The music of Tommy Dorsey is legendary, as well is the man. Known as one of the leaders of the big band era and as a forerunner of tone and technique on the trombone, Dorsey’s music lives on today with the latest release on Allegro Records, Tommy Dorsey: The Early Jazz Sides: 1932-1937.
It is clear here why the Dorsey band during these years was so popular. Filled with wonderful musicians such as Bunny Berigan, Pee Wee Erwin, Bud Freeman, and many others, the talented pioneers of the swing age. Although one may miss the technicality or complexity of the bop to post-bop eras, there is something to be said for fun-loving, free-flowing swing. The arrangements are tight, the improvisations exciting, and the atmosphere nothing but pure fun.
Perhaps most familiar to listeners (other than the jazz band arrangements of popular Dixieland and classical pieces) is "I’m Getting Sentimental Over You". Used as Dorsey’s theme song for many years, this tune highlights his legendary phrasing and tone. But most of the album emphasizes the lighter side of the Dorsey Orchestra and Tommy Dorsey’s Clambake Seven. The latter is highlighted with tunes such as "Ja-Da", "That’s a Plenty", and others from the Dixieland era. It is good to hear this music again when it was in such an early stage of development. Although perhaps slightly raw, there is much to be said for unadulterated jazz from this era.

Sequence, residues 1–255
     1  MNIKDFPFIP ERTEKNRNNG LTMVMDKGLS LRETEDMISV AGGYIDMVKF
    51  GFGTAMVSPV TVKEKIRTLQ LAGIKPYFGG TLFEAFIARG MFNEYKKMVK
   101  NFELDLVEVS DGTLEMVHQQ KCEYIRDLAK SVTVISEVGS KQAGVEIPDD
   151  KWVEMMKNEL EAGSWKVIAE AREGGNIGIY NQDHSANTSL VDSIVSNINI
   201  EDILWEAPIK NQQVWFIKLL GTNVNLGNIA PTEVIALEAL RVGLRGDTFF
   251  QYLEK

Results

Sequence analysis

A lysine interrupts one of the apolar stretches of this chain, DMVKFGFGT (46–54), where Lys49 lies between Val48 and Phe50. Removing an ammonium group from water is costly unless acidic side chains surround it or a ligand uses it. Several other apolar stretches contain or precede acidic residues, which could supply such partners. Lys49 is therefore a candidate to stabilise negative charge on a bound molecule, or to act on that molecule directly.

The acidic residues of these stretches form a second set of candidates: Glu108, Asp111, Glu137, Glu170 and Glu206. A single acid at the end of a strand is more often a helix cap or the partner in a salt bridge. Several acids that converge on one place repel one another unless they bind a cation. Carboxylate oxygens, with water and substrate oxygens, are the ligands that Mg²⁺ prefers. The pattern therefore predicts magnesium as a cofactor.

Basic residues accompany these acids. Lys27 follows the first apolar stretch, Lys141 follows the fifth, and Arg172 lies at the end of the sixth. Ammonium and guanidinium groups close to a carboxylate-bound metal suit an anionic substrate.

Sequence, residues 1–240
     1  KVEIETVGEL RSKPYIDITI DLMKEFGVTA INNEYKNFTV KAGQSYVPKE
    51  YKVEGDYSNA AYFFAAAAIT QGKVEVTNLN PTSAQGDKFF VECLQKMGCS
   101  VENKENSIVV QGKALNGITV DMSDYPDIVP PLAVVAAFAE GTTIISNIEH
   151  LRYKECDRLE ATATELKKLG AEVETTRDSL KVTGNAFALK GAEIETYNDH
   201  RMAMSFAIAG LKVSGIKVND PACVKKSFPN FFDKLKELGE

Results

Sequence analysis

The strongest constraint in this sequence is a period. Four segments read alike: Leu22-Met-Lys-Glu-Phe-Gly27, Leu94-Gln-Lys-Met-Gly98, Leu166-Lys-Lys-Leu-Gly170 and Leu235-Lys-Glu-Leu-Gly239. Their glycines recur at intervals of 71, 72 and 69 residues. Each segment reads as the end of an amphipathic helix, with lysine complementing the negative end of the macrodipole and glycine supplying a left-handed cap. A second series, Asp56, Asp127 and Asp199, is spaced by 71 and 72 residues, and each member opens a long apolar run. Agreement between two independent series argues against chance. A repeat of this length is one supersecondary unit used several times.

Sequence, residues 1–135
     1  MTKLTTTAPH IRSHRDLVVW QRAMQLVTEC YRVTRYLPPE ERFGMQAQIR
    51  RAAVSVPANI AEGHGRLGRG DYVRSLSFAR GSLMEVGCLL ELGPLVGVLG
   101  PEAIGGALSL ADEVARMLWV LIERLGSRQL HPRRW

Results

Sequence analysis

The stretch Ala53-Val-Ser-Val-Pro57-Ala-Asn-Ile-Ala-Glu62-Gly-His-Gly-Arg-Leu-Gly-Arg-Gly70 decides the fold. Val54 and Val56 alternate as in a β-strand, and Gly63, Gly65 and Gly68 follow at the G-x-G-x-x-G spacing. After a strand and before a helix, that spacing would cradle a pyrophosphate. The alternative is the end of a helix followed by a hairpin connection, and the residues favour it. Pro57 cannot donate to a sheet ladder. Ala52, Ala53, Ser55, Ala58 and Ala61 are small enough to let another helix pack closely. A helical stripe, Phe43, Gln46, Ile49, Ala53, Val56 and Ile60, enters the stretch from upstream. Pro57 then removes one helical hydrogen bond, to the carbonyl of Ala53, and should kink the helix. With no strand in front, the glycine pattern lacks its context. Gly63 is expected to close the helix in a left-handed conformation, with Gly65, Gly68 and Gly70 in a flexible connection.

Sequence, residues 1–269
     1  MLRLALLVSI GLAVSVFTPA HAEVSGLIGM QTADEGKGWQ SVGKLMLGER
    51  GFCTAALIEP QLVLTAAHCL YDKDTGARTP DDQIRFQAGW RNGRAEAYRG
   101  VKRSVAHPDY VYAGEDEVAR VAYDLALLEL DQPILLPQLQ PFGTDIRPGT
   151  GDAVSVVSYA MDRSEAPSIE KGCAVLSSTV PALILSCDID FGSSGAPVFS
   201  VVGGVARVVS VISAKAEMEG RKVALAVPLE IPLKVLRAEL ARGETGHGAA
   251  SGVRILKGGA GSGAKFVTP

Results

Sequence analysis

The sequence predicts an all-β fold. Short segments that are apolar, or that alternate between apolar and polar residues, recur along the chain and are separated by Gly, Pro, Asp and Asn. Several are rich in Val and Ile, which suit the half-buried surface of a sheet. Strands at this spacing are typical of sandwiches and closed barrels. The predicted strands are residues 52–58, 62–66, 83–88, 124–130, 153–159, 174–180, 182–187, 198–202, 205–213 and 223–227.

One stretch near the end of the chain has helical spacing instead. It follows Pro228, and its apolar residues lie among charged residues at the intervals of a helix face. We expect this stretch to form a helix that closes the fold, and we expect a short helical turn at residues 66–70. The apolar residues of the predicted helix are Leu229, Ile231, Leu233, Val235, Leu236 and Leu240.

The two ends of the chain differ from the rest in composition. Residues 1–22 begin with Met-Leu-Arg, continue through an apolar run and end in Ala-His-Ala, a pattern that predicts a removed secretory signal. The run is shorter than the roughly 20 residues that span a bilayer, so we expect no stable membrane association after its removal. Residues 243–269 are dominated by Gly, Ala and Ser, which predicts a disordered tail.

The album itself is presented very well. The liners are written by jazz author Scott Yanow and offer insights into the period as well as into the life of Tommy Dorsey. Although the back notes promise "rare historic photos" the inside notes only provide one black and white photo from the period. Furthermore, dates and complete personnel listings provide much information for the amateur jazz historian. The tracks are arranged simply in chronological order, providing for an interesting view of the progress of Dorsey’s band’s sound.
The sound quality is also excellent. Those who enjoy the familiar hiss of remastered old recordings will miss that extra sound on this album. Each instrument can be heard clearly and distinctly (although to my personal tastes, the balance seems slightly heavy towards bass and drums).
Not enough can be said about Tommy Dorsey’s band, and similarly about his own playing. A leader both of musicians and an era, Dorsey is celebrated as a innovator of the time and the genre. It is clear in the collection why he deserves such praise. He combines musicality with showmanship, up-tempo with ballad, classical with Dixieland, and style with grace.